Creating your own player is just optional, though. You can choose from any and all of the 29 available team rosters (updated as of late 1996), each of which has five players available for use. Unfortunately, as they were in past titles, a few of the league's biggest stars are once again absent, such as Michael Jordan, Charles Barkley, and Shaq. But like NBA Jam and NBA Jam T.E. are well known for, you have a legion of hidden players that are available, along with several other secrets, such as huge heads and a rooftop court, which propels the replay value out of the roof!

So we see now that NBA Hangtime brings along the classic feel of past titles in the series, but what matters the most in the enjoyability of a video game is how it plays. Like its predecessors, NBA Hangtime is a joy to play whether the NBA season is going or not. With all the new dunks to discover and the list of new moves (especially the fade aways and alley oops!), there are more things to do than ever before. And it's still fun doing it! Pushing down your friend so many times in a row that they wonder if they'll ever be able to get up again is still hilarious, and it's more fun than ever to shoot from behind the arc, especially with the perfect sound of a swish and the new movements of the net. Every time I meet up with my brothers, we play video games. Of the Nintendo 64 games I own, only Diddy Kong Racing rivals this one (you can play with up to 4 players at a time!) in terms of minutes played. Whether we just play with NBA players, access hidden characters, or take the time to create our own athlete, it just never gets old.

But even with all of the new tricks thrown into the mix, NBA Hangtime isn't the best of the series. It's certainly not anything that has to do with the graphics or sounds. If you're familiar with the NBA players, you'll recognize their realistic faces during both selection and gameplay. On the court, you can look at the floors and see the players' reflections, and the audience and goals look fairly realistic in a pseudo 3D-ish sort of way. The sound effects are pretty nice as well, especially with the perfect sound of getting a nothing but net, the soft murmur of the fans, and the announcer's fitting style and commentary. Musically, I'm not quite as impressed. M-Doc (who?) is here to do some rapping in between scenes, and the music that plays during a game is cool, but not nearly as memorable as the themes of the two previous classics.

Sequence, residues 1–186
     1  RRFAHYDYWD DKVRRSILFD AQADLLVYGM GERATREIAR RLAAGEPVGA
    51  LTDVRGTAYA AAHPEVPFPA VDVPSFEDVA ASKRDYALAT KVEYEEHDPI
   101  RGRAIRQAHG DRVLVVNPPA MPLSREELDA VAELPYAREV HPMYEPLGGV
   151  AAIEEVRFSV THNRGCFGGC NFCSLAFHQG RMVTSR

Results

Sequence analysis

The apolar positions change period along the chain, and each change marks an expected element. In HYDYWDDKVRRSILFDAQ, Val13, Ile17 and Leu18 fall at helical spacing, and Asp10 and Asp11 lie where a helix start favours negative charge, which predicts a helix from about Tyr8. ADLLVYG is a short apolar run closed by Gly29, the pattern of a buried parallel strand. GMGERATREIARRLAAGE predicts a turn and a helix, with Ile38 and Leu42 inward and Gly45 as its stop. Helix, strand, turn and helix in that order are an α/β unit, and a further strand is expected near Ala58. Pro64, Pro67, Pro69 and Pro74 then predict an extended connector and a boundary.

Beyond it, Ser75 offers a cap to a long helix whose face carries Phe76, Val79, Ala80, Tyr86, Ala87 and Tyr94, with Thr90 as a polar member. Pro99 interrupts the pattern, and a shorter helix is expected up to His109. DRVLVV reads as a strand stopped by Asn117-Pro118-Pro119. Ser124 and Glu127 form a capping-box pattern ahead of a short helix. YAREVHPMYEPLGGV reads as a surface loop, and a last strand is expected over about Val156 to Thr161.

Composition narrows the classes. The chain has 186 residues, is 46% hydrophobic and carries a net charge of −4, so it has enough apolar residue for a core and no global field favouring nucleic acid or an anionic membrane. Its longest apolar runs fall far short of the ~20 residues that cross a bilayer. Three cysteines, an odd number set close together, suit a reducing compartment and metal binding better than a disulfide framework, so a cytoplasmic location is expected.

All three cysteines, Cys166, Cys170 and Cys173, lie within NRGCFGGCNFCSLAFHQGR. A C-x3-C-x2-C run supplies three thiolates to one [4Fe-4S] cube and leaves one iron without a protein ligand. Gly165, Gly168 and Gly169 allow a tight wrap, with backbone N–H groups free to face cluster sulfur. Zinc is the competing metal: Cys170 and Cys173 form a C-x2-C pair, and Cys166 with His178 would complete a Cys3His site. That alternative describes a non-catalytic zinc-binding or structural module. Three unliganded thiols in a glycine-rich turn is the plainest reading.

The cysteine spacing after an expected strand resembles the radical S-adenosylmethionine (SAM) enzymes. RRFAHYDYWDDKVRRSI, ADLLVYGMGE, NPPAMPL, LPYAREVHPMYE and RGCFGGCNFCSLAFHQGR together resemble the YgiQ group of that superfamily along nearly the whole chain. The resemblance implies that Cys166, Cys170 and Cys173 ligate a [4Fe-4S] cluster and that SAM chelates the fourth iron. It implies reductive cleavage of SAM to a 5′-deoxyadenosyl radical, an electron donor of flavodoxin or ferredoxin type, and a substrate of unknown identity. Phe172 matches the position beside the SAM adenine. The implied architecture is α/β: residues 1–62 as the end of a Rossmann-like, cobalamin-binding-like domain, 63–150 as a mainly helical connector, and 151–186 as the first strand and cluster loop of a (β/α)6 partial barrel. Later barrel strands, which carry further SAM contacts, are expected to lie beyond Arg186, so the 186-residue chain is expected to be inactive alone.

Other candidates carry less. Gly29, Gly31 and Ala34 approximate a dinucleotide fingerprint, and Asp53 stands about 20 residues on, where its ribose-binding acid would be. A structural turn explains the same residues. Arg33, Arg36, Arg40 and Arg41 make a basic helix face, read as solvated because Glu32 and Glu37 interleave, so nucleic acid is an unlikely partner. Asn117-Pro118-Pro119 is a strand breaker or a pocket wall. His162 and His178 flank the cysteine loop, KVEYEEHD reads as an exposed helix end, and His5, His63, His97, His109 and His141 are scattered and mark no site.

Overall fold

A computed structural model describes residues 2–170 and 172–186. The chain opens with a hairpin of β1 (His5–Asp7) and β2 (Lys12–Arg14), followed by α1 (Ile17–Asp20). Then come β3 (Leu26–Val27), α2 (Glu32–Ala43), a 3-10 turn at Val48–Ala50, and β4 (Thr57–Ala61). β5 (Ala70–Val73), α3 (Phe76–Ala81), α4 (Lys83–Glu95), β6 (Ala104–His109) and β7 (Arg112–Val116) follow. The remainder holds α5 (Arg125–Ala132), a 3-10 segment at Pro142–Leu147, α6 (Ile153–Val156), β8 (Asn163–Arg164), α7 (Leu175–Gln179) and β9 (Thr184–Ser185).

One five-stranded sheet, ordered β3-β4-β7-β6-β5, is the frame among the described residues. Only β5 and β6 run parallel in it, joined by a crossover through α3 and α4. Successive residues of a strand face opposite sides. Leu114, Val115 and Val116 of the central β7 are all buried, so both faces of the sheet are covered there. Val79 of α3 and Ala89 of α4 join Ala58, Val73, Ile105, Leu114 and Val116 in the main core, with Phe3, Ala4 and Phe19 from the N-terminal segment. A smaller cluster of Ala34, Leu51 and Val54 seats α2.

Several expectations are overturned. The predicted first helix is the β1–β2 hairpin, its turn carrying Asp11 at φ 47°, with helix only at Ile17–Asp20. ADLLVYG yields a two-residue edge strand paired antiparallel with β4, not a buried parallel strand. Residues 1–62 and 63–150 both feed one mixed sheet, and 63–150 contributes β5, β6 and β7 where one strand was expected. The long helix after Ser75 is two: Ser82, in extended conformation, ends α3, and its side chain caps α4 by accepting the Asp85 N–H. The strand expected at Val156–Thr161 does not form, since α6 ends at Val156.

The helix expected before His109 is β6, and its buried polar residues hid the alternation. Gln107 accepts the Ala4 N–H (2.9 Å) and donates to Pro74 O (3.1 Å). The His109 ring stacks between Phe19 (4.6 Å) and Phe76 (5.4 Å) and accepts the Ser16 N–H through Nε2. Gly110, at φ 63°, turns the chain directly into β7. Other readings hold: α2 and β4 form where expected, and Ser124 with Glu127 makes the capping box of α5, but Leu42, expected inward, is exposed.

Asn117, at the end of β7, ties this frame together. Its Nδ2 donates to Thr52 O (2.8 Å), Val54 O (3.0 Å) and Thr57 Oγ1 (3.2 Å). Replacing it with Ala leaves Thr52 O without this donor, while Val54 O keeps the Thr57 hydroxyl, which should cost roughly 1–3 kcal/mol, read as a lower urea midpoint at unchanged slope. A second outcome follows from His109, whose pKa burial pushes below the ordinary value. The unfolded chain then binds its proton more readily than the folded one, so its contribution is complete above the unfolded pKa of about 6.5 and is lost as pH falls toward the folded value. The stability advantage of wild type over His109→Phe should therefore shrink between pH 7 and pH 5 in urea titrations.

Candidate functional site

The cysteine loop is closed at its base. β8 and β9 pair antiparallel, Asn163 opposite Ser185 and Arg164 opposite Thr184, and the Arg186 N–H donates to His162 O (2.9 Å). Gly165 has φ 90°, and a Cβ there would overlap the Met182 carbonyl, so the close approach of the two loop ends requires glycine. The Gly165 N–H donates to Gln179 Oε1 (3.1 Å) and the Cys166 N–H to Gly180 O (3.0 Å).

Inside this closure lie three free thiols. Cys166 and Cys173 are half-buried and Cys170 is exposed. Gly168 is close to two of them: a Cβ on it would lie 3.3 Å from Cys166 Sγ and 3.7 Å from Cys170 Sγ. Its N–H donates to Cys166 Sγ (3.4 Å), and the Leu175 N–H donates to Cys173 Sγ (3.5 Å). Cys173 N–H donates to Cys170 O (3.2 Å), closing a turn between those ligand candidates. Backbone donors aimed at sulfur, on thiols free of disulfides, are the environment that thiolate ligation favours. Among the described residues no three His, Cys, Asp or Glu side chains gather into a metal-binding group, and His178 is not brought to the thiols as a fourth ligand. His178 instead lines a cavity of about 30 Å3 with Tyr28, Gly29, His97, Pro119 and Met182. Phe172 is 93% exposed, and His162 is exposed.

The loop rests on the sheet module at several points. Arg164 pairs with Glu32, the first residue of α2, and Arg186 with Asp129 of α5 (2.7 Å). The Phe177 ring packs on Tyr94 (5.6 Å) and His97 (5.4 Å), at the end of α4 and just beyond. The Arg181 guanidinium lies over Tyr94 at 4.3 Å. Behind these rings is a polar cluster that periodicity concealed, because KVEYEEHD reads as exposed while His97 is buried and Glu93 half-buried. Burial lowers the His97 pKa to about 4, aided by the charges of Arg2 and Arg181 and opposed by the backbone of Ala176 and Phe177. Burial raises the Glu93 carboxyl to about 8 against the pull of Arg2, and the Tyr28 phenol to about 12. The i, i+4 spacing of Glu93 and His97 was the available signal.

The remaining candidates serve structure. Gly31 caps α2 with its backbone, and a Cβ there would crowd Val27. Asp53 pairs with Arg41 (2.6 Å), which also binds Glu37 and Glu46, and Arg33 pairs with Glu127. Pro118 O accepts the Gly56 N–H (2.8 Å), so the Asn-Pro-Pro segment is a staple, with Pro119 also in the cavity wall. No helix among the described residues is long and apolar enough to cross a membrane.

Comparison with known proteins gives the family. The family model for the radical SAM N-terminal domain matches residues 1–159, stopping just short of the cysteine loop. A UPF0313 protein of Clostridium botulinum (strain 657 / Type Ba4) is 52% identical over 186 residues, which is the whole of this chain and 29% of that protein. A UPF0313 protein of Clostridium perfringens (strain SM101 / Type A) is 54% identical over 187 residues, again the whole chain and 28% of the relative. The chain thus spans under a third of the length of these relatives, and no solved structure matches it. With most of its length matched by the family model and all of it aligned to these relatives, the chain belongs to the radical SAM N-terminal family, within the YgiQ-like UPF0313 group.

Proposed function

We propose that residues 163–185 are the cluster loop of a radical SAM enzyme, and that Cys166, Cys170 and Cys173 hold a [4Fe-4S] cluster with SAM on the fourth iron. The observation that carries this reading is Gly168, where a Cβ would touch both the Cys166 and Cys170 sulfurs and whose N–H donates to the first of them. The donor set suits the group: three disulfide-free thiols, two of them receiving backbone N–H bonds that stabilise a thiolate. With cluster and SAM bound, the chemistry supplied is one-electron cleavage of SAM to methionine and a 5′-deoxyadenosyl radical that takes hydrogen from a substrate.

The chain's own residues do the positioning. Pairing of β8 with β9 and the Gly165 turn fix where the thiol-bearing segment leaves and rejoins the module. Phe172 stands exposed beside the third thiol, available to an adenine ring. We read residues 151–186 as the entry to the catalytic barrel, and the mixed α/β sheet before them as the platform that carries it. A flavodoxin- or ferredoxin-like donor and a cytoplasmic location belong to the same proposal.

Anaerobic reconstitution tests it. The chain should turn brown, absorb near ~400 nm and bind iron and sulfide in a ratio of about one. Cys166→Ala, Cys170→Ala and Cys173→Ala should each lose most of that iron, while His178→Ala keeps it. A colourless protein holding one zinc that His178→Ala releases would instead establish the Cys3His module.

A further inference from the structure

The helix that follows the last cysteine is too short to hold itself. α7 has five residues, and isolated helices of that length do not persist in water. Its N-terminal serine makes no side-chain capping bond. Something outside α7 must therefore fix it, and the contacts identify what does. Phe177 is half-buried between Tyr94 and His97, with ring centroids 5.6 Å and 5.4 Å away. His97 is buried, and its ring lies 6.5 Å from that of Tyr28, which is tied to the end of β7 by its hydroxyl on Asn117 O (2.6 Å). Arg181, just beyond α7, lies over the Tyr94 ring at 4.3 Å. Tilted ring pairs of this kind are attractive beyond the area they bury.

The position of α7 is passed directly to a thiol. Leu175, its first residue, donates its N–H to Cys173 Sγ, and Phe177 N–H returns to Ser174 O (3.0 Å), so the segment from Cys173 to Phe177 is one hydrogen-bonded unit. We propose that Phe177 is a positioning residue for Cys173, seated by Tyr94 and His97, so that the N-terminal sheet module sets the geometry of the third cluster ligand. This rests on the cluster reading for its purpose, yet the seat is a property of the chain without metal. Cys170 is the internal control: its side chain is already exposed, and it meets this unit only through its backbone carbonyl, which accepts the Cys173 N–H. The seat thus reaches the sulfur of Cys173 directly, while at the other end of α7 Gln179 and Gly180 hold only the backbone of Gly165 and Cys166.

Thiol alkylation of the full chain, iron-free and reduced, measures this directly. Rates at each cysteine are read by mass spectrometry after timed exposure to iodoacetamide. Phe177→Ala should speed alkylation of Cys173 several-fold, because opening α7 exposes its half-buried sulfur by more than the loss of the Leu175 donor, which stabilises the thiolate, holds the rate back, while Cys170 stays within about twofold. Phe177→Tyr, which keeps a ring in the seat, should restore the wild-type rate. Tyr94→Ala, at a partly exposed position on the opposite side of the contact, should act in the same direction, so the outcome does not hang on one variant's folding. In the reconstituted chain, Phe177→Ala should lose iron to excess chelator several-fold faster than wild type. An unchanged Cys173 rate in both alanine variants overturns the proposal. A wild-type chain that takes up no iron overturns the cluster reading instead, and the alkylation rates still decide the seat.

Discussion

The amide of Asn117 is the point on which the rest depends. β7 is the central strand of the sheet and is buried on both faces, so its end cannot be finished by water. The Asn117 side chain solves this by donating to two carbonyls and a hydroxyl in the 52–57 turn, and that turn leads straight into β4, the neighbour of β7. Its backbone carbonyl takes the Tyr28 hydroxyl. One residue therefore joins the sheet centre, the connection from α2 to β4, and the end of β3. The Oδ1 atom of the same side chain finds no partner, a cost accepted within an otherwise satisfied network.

The main complaint I have with NBA Hangtime is that it's not half as fun to be on fire as it is in NBA Jam and NBA Jam T.E. After playing NBA Jam T.E. for the Super Nintendo for years, I still yearn to get on fire as much as I can. There's nothing like standing under your opponent's rim waiting for them to try and get the ball past your smoldering hands while on fire. Whether they dunk, shoot a three, or do a layup, you know that if you time it correctly, you're getting the ball back, and you'll still be on fire. It's almost impossible to block an opposing player's dunk even when you're on fire in NBA Hangtime, making it feel useless. Another thing that I'll always remember about NBA Jam's greatness is how 50% or more of the shots taken from the other side of the court seemed to fall in, and how entertaining it was doing it. That's not the case with NBA Hangtime! Finally, there's not a ''juice mode'' (for making the game MUCH faster) included this time around, which is very unfortunate, especially given the fact that the action seems to be a bit slower in NBA Hangtime than you're probably used to seeing.

Apart from those quibbles, NBA Hangtime proves to be a game that never seems to run out of fun, especially when playing against a sibling, friend, or anybody else you like playing video games with. If you're an NBA Jam purist like myself, you may find yourself complaining about certain attributes of NBA Hangtime, but if you choose this one to introduce yourself to the series, you won't notice anything. But one thing remains the same: Whether you're a newcomer or seasoned NBA Jammer, you won't be entirely disappointed with NBA Hangtime.

Rating: 7.5/10

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Community review by retro (January 17, 2004)